Although only at an idea stage, the thought of a green wall of India to arrest the gradual desertification of its North West is definitely an idea worth considering for it could have wide-ranging impact. Also, a good time to refresh our memory about the 'Great Hedge of (Undivided) India' that the British made all the way back in the nineteenth century.
It is no secret that awareness of the damage to the environment, and the need to redress that, has finally turned the corner. You are far more likely today to find people with an appreciation of the role of trees and other natural ecosystems than say a decade back.
Unfortunately, this awareness is being earned the hard way through errant weather, rising temperatures, problems with the quality, access to water, and of course, the visible deterioration in air quality. Delhi, which has put a lot of these issues in the spotlight thanks to its world-leading pollution levels, counts dust, or more precisely dust blown in by winds from the Thar desert in Rajasthan, as a major factor in its air pollution.
It is only fitting thus that the Modi government when it has finally thrown up an idea for solving this problem, has thrown up an idea that is breathtakingly big and seemingly simple in its approach. Like the Swachh Bharat campaign or the power for all campaign, one can only wish godspeed to this idea that can potentially have a national impact too.
The story that has been shared is about a 1,400 km-long and 5 km-wide green corridor running from Panipat in Haryana to Porbandar in Gujarat. The closest real-life comparison could be with the plans for the Great Green Wall of Africa that was anticipated to run from Djibouti in the continent’s east to Senegal in its west.
Like the proposed Indian wall, the African green wall was also planned as a green front against climate change, desertification and other forms of land degradation. As luck would have it, the African wall has made limited progress, mainly due to the logistics of the coordination between the countries involved.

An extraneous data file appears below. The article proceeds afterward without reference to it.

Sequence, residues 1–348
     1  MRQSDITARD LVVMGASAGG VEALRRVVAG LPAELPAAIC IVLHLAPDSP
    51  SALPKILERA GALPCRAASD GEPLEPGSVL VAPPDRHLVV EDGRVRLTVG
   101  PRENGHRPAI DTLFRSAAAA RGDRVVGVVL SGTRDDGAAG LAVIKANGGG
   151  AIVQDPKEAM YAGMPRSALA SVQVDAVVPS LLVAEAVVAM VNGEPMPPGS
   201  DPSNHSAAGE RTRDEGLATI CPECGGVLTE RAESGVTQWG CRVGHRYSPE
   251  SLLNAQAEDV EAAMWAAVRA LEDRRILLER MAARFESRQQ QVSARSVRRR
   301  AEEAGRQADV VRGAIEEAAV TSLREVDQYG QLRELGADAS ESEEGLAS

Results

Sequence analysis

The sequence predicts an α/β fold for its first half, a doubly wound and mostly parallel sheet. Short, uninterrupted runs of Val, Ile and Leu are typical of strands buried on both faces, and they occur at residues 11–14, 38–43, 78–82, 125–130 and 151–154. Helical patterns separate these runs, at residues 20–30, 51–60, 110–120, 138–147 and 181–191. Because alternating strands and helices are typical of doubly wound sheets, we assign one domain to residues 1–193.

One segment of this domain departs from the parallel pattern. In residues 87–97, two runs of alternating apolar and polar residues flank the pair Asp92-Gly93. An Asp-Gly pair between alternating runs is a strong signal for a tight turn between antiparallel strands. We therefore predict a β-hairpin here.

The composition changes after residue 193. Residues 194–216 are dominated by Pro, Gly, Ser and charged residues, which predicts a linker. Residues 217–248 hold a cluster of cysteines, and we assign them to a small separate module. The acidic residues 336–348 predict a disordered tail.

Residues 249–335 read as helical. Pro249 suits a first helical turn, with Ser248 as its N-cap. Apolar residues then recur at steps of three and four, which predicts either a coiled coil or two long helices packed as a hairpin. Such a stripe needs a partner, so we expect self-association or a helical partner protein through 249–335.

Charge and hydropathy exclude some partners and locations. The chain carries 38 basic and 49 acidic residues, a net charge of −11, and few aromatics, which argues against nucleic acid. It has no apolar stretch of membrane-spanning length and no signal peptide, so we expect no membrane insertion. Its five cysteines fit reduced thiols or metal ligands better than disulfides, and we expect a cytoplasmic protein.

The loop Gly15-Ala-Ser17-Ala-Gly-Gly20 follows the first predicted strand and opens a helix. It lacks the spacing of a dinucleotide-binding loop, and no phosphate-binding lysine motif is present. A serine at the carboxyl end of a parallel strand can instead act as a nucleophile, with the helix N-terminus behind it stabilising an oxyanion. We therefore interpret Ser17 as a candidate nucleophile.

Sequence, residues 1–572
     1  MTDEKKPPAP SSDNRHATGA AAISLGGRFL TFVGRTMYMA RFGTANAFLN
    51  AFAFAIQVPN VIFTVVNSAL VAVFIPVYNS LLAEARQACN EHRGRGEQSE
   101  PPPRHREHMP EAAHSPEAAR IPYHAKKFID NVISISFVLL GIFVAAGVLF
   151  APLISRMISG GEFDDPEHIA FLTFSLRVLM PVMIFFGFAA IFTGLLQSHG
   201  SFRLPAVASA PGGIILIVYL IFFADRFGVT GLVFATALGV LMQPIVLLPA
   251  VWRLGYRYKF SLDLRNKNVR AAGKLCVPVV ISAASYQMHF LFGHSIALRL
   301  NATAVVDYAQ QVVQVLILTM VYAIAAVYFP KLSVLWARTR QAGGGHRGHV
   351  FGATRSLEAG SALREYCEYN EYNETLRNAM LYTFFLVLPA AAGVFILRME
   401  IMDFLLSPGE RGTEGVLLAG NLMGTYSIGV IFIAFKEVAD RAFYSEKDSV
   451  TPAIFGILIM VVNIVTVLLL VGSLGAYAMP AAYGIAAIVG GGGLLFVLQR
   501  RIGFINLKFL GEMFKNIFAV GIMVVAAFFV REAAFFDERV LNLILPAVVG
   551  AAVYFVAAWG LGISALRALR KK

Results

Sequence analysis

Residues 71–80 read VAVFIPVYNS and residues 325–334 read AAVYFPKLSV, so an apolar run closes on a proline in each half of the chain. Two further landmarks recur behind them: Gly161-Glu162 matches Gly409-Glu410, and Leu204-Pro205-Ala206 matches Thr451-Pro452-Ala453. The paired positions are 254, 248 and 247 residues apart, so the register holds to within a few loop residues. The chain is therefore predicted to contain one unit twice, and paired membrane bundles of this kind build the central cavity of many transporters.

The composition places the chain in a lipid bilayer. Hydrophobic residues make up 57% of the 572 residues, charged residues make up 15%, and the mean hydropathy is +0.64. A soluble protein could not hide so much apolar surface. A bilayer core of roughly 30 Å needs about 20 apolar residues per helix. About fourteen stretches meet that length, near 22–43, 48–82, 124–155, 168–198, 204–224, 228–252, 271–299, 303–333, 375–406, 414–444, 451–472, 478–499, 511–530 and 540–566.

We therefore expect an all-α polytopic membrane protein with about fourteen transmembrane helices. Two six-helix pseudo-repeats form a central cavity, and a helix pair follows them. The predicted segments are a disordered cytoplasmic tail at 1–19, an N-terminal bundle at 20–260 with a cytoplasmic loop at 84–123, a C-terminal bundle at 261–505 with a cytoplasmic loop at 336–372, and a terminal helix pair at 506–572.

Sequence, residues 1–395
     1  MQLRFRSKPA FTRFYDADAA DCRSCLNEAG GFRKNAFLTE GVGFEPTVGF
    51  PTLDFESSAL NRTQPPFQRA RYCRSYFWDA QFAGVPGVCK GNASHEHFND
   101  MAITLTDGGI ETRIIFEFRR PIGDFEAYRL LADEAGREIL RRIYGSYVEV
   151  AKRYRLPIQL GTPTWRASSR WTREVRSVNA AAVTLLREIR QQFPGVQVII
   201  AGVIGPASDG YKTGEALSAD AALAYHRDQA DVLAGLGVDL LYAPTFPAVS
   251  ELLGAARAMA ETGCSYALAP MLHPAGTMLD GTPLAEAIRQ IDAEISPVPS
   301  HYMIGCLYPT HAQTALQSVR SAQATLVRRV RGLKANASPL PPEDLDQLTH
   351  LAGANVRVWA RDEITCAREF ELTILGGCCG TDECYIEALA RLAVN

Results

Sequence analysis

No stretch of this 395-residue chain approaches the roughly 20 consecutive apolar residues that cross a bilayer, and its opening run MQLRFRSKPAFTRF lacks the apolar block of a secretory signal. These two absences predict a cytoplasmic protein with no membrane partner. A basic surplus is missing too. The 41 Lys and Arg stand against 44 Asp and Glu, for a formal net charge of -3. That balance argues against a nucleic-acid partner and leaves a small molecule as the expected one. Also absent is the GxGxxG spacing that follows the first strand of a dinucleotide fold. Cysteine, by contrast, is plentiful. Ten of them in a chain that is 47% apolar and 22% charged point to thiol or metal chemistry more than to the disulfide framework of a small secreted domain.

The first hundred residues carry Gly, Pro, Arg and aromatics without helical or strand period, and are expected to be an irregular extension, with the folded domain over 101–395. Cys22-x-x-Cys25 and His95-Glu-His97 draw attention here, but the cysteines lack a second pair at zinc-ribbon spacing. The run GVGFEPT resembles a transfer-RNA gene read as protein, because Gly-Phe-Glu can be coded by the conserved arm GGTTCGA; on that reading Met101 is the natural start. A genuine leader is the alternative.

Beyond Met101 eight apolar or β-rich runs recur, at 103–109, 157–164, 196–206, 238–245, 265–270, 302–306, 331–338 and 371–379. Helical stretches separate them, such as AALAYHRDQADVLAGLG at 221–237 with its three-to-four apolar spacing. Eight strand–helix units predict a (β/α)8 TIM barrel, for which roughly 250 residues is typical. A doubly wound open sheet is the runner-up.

India of course, should have none of those problems, although the challenges are equally huge.
The Indian Green Wall thus could compensate and add to the massive depredations the Aravalli Mountain ranges have suffered, in both the states of Haryana and Rajasthan, be it due to illegal mining, urbanisation, or worse. The Aravalli’s, among the world’s oldest mountain ranges, are vital to the health of the capital and beyond thanks to the key role they play in preventing open access to the winds from Thar. Thus, their hacking has only speeded up the process of desertification.
For people looking back for suitable examples surprisingly, there is one very close to home in the form of the ‘Great Hedge of India’ devised by the British for the predictable purpose of making more money. Or more precisely, to protect their customs earnings and prevent smuggling within the country.
An idea ascribed to Allan Octavian Hume, who was the Commissioner of Inland Customs from 1867–70. Hume’s role involved managing a line called the Inland Customs Line that ran from the Himalayas to Orissa, near the Bay of Bengal. The line used a combination of walled fortifications, natural barriers and in some places, thorny bushes to provide a barrier that would drive people to pass through customs posts set up by the British. It was to cut down the cost of building and maintaining this line that Hume set about exploring the use of impenetrable hedges instead of walls.
Thus, the main body of the hedge was made of Indian plum, babool, karonda and the prickly pear as nothing else could grow, and even Bamboo where conditions allowed it.
Hume is credited with transforming the hedge from “a mere line of persistently dwarf seedlings, or of irregularly scattered, disconnected bushes” into a formidable barrier that, by the end of his tenure as commissioner, contained 448.75 miles (722.19 km) of “perfect” hedge and 233.5 miles (375.8 km) of “strong and good”, but not impenetrable hedge.
The hedge was nowhere less than 8 feet (2.4 m) high and 4 feet (1.2 m) thick and in some places was 12 feet (3.7 m) high and 14 feet (4.3 m) thick. Hume himself remarked that his barrier was “in its most perfect form, … utterly impassable to man or beast”. (Source: Wikipedia)
Hume, of course, went on to be remembered more for his role as one of the founders of the Indian National Congress, another case of the political dominating the environmental, a situation where many argue, its time for the wheel to come full circle now.